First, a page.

The servant brought a clay jebena coffee pot and expertly poured a foot-long stream into a small si’ni cup. She offered a small bowl of sugar and another of salt on a tray. Abu was too worried to want coffee, but he didn’t want to seem rude, so he sipped.

camel After some time, out strode the qadi, leading with a too-toothy smile. An image of a camel dealer flashed in Abu’s mind, but Abu blinked the image away.

After Abu bowed, inquiring after the qadi’s health in the traditional Hararan way, the qadi asked about Amara by name. He knows her name. That helps.

Abu’s head itched which always happened when he felt awkward. He resisted the urge to scratch and made himself look at this wise and holy man tell him all about the miserable dream.

He told the qadi that he had dreamed his wife had thrown clay pots at his head, that her gaze had fallen on other men, and that out of hopeless frustration he had scrawled out a writ of divorce.

The qadi moistened his lips as he listened, and Abu noticed the wise man’s chest move up and down as he heard the dream.

As Abu finished the tale, the qadi took on a grave demeanor. His advice: Pay close attention to this terrible dream. Your seemingly beloved Amara is bad, bad luck. Take the dream as a warning from the spirit realm. You must sever the bond immediately.

As the holy qadi spoke, the snake in Abu’s stomach released its hold on him. For he knew that he loved his wife Amara more than ever, that he wanted only to be gone from this cushioned room and to wrap Amara in such an embrace as he had never done before.

The qadi’s accusations woke Abu up. What a gift he had in Amara! The qadi was trying to deceive Abu. He didn’t know why. But he saw that trusting the qadi had been a mistake. Why had he given the stupid dream such weight?

Abu took his leave, most glad to get out. He had an intense desire to wash up.  As he walked home, his dream slowly faded, the strangeness of his consultation occupying his thoughts now.  But he focused on Amara and getting home. Maybe I’ll laugh about this silliness soon.

Through the market, on the way home, he searched out Amara’s favorite berbere spice. A few moments later, as he neared home, he purchased the most beautiful flower arrangement he had ever seen.

Abu would never forget this day: the day he got lost, but found his way.

***

In the same way that Abu couldn’t shake his troubling divorce-dream earlier, the qadi found his own desire for Amara mounting. He wanted her. But Amara was Abu’s wife, and the qadi, a holy man. A holy lawyer anyway.

Deep in the maze of his mind, the qadi’s law-brain labored, for holy judges convince anyone of anything, including themselves.

The qadi knew he should leave this alone, banish the thoughts. And he tried. In that halfhearted way that men do when they want to convince themselves that they have no choice.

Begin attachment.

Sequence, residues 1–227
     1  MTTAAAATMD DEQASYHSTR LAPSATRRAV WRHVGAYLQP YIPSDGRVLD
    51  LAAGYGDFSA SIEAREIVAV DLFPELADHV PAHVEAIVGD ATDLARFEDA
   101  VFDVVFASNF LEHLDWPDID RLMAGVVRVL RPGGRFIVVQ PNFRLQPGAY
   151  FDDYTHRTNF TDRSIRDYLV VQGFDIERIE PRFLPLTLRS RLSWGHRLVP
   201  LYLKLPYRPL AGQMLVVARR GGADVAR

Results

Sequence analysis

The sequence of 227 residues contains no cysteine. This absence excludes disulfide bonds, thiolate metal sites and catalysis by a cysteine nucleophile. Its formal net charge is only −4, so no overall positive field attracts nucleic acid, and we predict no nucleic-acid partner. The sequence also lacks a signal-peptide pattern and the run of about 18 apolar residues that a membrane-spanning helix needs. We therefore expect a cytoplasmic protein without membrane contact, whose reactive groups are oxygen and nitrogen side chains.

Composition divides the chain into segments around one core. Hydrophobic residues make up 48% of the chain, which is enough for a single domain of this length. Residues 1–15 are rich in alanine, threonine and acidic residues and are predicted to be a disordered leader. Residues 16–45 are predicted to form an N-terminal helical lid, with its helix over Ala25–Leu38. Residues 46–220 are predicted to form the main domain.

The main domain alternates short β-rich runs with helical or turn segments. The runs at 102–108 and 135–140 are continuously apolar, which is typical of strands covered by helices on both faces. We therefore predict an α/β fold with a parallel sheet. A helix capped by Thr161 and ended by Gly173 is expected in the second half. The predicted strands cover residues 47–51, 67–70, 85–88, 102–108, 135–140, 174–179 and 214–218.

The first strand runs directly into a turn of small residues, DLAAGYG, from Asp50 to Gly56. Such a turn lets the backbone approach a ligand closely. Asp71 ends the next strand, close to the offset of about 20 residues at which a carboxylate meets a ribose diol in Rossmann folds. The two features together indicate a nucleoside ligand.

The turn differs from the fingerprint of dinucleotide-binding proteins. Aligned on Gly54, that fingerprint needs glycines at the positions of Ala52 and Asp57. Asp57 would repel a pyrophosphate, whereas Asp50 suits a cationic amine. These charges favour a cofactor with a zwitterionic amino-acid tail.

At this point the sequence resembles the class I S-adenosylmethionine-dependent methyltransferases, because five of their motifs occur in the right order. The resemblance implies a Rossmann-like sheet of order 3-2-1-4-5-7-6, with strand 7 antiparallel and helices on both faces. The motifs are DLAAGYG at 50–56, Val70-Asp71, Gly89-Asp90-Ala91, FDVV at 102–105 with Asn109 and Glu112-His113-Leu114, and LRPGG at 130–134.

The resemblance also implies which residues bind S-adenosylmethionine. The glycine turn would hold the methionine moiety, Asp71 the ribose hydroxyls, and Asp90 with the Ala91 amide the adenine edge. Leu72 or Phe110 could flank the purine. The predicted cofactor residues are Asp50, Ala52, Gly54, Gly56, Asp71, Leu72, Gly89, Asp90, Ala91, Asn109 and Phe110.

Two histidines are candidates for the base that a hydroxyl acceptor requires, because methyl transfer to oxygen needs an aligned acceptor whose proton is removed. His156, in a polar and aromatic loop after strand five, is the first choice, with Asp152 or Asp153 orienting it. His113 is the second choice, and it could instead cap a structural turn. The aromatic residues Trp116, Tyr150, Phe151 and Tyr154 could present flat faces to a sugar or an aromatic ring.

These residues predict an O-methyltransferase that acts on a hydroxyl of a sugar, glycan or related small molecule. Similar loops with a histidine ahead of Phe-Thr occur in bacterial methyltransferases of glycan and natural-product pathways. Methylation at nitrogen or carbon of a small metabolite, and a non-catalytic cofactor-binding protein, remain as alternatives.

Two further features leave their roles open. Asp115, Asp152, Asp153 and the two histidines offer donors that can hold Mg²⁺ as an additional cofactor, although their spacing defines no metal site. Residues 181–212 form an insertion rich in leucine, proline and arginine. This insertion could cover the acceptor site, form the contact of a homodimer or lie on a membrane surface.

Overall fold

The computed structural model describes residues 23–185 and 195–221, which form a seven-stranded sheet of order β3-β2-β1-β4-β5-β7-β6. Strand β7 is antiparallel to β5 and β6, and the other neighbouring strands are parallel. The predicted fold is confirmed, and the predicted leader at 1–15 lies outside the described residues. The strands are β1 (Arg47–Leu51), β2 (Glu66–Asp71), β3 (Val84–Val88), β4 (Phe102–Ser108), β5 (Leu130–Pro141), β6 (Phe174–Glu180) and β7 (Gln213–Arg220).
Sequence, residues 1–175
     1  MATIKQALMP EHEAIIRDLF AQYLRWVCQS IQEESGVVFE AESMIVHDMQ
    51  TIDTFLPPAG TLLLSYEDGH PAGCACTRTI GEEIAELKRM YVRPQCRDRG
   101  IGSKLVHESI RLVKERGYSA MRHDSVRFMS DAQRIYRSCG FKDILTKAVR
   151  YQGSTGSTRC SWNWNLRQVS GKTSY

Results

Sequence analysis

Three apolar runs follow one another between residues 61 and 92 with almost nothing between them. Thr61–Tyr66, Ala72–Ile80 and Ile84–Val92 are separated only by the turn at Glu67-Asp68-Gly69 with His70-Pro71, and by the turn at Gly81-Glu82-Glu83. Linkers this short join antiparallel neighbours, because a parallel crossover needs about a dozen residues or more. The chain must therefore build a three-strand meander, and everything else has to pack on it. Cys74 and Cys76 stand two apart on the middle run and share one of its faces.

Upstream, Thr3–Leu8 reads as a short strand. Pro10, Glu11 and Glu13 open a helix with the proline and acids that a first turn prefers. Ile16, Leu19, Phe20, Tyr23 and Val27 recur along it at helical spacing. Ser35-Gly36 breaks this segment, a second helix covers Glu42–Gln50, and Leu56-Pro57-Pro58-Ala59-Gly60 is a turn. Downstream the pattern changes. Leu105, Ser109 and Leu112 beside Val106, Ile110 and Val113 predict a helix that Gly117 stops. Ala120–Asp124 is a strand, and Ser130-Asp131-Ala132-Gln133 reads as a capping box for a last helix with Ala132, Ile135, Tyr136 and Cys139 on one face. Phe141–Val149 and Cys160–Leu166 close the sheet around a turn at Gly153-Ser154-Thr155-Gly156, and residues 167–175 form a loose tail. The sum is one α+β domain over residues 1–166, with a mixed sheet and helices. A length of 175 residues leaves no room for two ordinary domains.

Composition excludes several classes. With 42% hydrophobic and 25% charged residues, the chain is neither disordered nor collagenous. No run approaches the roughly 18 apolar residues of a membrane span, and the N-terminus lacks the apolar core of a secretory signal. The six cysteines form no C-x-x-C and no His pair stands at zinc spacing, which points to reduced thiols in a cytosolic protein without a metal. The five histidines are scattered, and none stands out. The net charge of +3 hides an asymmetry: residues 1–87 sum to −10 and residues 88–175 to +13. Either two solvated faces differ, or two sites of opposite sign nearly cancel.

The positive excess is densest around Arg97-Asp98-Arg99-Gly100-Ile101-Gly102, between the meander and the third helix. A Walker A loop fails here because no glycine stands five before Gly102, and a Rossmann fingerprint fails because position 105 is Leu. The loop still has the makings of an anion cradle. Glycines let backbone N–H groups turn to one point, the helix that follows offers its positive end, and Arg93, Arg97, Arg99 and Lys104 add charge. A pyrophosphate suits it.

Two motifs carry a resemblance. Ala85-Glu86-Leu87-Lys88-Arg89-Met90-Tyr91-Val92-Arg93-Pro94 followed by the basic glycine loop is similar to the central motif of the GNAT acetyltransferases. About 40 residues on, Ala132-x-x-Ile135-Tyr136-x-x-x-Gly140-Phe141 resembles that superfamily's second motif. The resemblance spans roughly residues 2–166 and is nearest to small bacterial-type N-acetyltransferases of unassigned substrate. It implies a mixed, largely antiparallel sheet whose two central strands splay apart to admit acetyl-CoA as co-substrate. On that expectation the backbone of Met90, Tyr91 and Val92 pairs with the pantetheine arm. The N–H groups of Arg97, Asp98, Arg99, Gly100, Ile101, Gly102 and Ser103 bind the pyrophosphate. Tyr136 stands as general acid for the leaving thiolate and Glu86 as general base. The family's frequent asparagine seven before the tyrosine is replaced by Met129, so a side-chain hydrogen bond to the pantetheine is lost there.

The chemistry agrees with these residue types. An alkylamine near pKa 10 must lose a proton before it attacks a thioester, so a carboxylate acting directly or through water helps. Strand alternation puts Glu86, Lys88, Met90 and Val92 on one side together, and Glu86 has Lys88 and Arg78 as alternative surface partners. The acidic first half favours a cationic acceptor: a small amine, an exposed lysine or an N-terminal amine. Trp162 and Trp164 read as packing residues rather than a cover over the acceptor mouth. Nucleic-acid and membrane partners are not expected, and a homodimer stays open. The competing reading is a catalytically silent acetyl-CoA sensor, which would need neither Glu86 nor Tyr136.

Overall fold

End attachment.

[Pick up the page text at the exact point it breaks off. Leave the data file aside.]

So, he tried reading his important books which succeeded in pushing Amara to the edge of his awareness. But as soon as he would stop for a bite of bread, butter, and honey, she returned, beckoning.

He worked at it like a restless six-year-old worries a loose tooth with his tongue. And little by little he conceived a plan, a murderous one, for only death would do.

The best part was this: all he had to do was tell a convincing ghost story and the Amir would do the rest.

He knew the Amir missed his dead father. Only three days past, the qadi and the Amir dined together, and the Amir spoke of his father as if alive, wondering if he were warm enough, if he was getting enough to eat. Then, he would snap to, and regain his sharp eye. With amused interest, the qadi had watched this come and go throughout the long and leisurely meal.

Time the tale as a toad times a fly, and he would have Amara. The bit of danger thrilled him, adding flame to his desire.

***

Abu’s bowels quaked when the Amir’s official messenger, his negariw, entered Abu’s courtyard. The negariw handed Abu a small scroll which was tied and sealed with the Amir’s insignia. Abu hid his shaking hand as he broke the seal, untied the silver string and read the Amir’s instructions The negariw watched. Abu was being summoned. Now.

Abu gulped and begged leave to clean up. The negariw seemed to be expecting this and granted consent but remained in the courtyard while Amara waited on him with salted coffee and berbere spiced goat cheese.

In his bedroom, Abu threw up. He took a deep breath, summoning all his intelligence to the forefront of his mind. He didn’t know what lay in store for him in the Amir’s palace, but he knew he would need a full measure of wit to keep his head on his shoulders.

Within the hour he was ushered into the Amir’s favorite sitting room. The most beautiful baskets in Harar ornamented the walls. The carpets were unlike any Abu had seen in the kingdom. All The colors and patterns on the walls and floors harmonized to soothe a weary soul. Though Abu appreciated fine appointments, today he narrowed only on what mattered.

As custom dictated, Abu greeted the Amir first with a light handshake and inquiries as to his general health. He observed deep creases in the Amir’s brow and he saw the ruler work to keep his eyes open and focused.

Behind the Amir was one other man, the qadi. Abu greeted him too. And Abu saw the cold stare of the ridgeback agama lizard in the qadi’s gaze, only interested in two things, its next meal and mate.

That’s when Abu knew this was about Amara.

He cursed himself for ever confiding in the qadi. But he cursed the qadi much more colorfully. Silently.